Russian missiles pound embattled Ukrainian power grid

Olena Harmash and Tom Balmforth |

“We need the ability to shoot down air combat aircraft,” Ukraine President Volodymyr Zelenskiy says.
“We need the ability to shoot down air combat aircraft,” Ukraine President Volodymyr Zelenskiy says.

A Russian missile attack has pounded power facilities in the centre and west of Ukraine, mounting pressure on the ailing energy system as the country faces a shortage of air defences despite a breakthrough in US military aid.

The strike on Saturday using ballistic missiles and cruise missiles fired by Russian strategic bombers based in the Arctic Circle was the fourth large-scale aerial assault targeting the power system since March 22.

“The enemy again massively shelled Ukrainian energy facilities,” said DTEK, the largest private electricity company, adding that four of its six thermal power plants had suffered new damage overnight.

Rescuers battled to put out massive fires at several energy facilities in the western regions of Lviv and Ivano-Frankivsk, which border NATO members Poland and Romania, officials said.

In President Volodymyr Zelenskiy’s hometown of Kryvyi Rih, the supply of running water was disrupted after strikes on energy facilities in the central Dnipropetrovsk region, officials said.

“Unfortunately, we could not avoid the consequences,” Governor Serhiy Lysak said.

“Energy facilities in Dnipropetrovsk and Kryvyi Rih regions were damaged – fires broke out.”

Ukrainian air defences were able to bring down 21 of the 34 incoming missiles, the commander of the air force said in a statement.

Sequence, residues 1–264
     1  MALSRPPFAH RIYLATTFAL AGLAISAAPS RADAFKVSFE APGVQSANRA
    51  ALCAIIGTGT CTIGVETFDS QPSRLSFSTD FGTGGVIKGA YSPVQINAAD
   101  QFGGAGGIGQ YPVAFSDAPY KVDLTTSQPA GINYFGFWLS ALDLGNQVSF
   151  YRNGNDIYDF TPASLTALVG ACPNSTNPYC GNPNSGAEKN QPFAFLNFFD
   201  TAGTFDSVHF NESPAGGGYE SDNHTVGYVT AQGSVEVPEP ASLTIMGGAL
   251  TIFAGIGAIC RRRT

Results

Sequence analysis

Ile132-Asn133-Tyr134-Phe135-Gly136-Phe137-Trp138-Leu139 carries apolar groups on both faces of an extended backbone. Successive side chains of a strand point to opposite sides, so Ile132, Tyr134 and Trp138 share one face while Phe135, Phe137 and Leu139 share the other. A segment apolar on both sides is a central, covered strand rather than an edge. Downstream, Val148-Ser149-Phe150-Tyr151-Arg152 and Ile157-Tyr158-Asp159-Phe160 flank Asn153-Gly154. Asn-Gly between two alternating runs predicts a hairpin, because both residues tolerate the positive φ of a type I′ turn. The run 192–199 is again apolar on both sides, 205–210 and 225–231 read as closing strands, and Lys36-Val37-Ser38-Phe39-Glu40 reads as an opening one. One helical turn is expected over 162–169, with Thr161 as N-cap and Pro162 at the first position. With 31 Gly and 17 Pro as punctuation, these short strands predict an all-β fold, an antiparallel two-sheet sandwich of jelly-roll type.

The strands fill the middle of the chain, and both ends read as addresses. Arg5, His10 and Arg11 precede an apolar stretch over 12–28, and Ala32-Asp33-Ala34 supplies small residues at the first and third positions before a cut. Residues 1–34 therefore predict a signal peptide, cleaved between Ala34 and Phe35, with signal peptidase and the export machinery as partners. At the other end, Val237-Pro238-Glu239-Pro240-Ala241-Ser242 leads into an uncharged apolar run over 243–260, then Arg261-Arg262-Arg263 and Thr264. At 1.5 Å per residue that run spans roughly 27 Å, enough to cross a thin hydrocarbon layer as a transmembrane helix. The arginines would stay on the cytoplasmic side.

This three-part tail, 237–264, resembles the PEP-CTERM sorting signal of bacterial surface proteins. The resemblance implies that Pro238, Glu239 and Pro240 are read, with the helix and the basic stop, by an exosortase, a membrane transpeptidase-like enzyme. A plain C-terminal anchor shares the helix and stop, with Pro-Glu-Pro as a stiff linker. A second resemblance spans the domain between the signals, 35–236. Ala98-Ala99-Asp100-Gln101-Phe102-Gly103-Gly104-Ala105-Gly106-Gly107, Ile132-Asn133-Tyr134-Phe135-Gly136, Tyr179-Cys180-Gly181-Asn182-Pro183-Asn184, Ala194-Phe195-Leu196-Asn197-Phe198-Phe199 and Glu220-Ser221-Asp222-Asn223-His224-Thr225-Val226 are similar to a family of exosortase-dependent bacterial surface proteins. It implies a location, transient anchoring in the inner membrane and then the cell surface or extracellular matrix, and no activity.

None of the hit facilities were identified by name – part of what authorities say is an essential security measure to prevent Russia from quickly assessing the impact of its strikes.

Bombed hospital in Ukraine
A woman was injured when a Russian rocket struck a hospital in Kharkiv overnight. (AP PHOTO)

Russia denies targeting civilians during its air attacks but says the Ukrainian energy system is a legitimate military target. 

In the northeast city of Kharkiv, which has been heavily bombed in recent weeks, a missile struck a hospital holding 60 patients, injuring a woman and damaging the building, nearby water pipes and power lines, the governor said.

Ukraine, which has tried to take the fight back to Russia in recent months using long-range drones, attacked the Ilsky and Slavyansk oil refineries in Russia’s Krasnodar region overnight, a Ukrainian intelligence source told Reuters.

The drone strike conducted by the SBU security service caused fires at the facilities, the source said. 

Ukrainian drones also attacked Russia’s Kushchevsk military airfield in the same southern region, the source said.

The Slavyansk oil refinery was forced to suspend some operations after being damaged in the attack, Russian state news agency TASS cited an executive overseeing the plant as saying.

Ukraine has lost 80 per cent of its thermal power generation and 35 per cent of its hydro-electric capacity during Russian attacks, officials say.

Bombed power plant in Ukraine
Rolling blackouts have been introduced in parts of Ukraine as Russian strikes target power plants. (AP PHOTO)

Though the core of the energy system comes from nuclear power, that lost capacity serves a balancing function in the grid and its loss could be a big problem when consumption rises later this year, officials say.

Rolling blackouts have been introduced in several regions, but the full impact of the attacks has not been felt because consumption, which is at its highest in winter and the peak of summer, is at a seasonal low due to the mild weather.

There were no planned blackouts for now in Lviv region, some 900km from the eastern front, but the governor urged residents to economise on electricity use.

“It’s difficult for the energy system to maintain the production and consumption balance,” he said.

Maxim Timchenko, CEO of DTEK, said: “Last night’s attacks underline the continued urgent need for Ukraine’s allies to provide stronger air defence systems.”

The US approved a major aid package for Ukraine this week, overcoming a deadlock in Congress that dragged on for six months while Kyiv’s weapon stocks became depleted.

On Friday, the Pentagon announced it would buy $US6 billion ($A9.2 billion) worth of weapons for Ukraine including interceptors for the Patriot air defence system.